This event brings together international policymakers, human rights practitioners, leading academics and representatives from technology companies to discuss the relevance of the international human rights law framework in a world increasingly dominated by digital technologies.

In only a few decades, we have witnessed tremendous change through digital innovation, from personal computers, a globe-spanning Internet, and ubiquitous smartphones, to rapid advances in Artificial Intelligence. As we express ever more of ourselves digitally, the economy is built around the data generated, which is then used to predict and nudge our future behavior. Surveillance capitalism (Zuboff, 2019) is being matched by the digitization of government, whether in national security, policing, immigration or court systems.. And postwar welfare states are rapidly becoming digital welfare states (Alston & Van Veen, 2019).

The speed, magnitude and complexity of these developments have left little or no time for reflection let alone resistance on the part of most of those affected.  Only now is the world waking up to the value-choices implicit in embracing many of these technological changes. And many of the initiatives designed to curb the excesses of the digital age are entirely voluntary, based in malleable conceptions of ethics, and themselves reliant upon technological solutions promoted by the very Big Tech firms these initiatives are supposed to regulate.

This event will focus on the role of law, democratic institutions and human rights in the digital age. Can the societal impacts of digital technologies be meaningfully addressed in the language of rights? What difference does it make to insist on applying the lens of human rights law? What difference can international and domestic human rights accountability mechanisms make in the technology debate? Whose voices and issues are neglected in this debate and how can human rights law empower those on the margins of society?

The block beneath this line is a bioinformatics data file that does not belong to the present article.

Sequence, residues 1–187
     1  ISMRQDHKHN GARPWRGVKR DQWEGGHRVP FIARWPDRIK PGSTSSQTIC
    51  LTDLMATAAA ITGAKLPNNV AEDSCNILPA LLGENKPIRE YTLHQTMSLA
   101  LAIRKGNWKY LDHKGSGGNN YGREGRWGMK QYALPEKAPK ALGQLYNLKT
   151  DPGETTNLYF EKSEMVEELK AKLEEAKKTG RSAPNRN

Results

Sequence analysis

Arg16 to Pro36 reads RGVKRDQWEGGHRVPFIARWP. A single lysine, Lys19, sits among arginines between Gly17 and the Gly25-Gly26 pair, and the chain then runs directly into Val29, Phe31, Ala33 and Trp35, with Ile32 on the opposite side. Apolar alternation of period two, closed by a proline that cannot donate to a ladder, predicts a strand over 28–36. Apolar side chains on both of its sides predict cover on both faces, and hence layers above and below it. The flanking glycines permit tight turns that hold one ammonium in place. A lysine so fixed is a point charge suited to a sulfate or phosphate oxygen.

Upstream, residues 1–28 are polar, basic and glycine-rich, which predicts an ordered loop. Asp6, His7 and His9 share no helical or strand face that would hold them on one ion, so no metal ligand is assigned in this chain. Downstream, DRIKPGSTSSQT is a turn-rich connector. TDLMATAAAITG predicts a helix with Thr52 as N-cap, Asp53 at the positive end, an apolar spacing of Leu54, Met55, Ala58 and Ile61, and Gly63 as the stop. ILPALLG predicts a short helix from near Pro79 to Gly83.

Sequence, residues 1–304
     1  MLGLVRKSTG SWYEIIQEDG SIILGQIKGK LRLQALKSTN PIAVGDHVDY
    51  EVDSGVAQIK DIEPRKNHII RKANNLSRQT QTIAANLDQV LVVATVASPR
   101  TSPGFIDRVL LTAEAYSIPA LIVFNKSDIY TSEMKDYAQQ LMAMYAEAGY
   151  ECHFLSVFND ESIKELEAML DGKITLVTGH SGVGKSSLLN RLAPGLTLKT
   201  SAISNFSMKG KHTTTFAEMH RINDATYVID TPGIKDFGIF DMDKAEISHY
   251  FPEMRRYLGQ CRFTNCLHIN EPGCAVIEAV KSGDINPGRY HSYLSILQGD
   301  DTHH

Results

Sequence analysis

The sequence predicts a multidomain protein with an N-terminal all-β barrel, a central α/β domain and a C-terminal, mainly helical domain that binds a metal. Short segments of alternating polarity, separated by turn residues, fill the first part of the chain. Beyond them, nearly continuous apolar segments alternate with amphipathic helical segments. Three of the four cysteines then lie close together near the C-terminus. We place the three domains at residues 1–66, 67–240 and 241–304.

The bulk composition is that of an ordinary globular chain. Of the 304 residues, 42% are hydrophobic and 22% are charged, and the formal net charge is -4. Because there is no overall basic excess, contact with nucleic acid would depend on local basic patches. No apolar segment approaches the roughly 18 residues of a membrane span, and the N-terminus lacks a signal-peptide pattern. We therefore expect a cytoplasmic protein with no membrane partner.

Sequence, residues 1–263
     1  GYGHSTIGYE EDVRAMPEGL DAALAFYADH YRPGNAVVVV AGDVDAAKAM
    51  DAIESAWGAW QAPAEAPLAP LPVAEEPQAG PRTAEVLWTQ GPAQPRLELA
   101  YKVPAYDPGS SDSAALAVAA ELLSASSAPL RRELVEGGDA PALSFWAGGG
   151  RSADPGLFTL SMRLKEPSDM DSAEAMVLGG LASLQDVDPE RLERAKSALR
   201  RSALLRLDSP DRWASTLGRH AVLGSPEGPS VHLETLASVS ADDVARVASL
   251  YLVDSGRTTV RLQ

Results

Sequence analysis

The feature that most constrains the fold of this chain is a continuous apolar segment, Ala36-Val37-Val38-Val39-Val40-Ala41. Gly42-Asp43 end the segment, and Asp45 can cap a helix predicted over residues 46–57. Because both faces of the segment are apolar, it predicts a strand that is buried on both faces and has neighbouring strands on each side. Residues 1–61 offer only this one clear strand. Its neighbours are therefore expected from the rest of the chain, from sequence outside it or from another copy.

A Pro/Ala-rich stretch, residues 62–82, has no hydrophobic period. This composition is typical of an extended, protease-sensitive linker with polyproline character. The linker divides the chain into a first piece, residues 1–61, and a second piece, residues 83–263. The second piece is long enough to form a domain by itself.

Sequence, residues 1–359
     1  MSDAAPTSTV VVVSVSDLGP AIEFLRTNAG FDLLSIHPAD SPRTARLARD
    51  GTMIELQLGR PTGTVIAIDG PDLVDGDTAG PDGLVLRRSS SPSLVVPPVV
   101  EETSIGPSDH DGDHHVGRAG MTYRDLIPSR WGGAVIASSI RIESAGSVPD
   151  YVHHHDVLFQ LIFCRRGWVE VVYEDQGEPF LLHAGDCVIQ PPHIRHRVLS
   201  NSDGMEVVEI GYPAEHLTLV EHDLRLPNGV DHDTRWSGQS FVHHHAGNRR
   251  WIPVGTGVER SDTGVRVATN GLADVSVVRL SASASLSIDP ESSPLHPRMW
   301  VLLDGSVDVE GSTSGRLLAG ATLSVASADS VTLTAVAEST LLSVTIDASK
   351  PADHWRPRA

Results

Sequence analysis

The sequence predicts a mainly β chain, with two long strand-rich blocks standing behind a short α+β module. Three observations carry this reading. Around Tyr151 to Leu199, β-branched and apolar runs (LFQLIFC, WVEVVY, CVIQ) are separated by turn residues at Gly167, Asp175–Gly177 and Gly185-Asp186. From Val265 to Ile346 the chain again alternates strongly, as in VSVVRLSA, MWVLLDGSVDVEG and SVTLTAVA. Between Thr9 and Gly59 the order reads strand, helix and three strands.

This event is co-hosted by the Special Rapporteur on extreme poverty and human rights, the Center for Human Rights and Global Justice at New York University School of Law and Amnesty International with the Guardian as a media partner.

Agenda and Speakers

12:15-12:30 p.m.        Welcome and lunch buffet

12:30-12:45 p.m.       Keynote speech by Michelle Bachelet, United Nations High Commissioner for Human Rights

12:45-1:45 p.m.          Panel discussion featuring:

  • Philip Alston, United Nations Special Rapporteur on extreme poverty and human rights and John Norton Pomeroy Professor of Law, New York University School of Law
  • Michelle Bachelet, United Nations High Commissioner for Human Rights
  • Chris Hughes, Co-founder of Facebook and Co-Chair of the Economic Security Project and Senior Advisor, Roosevelt Institute
  • Kumi Naidoo, Secretary General, Amnesty International
  • Shoshana Zuboff, Charles Edward Wilson Professor Emerita, Harvard Business School and author of The Age of Surveillance Capitalism: The Fight for a Human Future at the New Frontier of Power (2019)
  • Moderated by Ed Pilkington, Chief Reporter, Guardian US

1:45-2:30 p.m.           Q & A with audience


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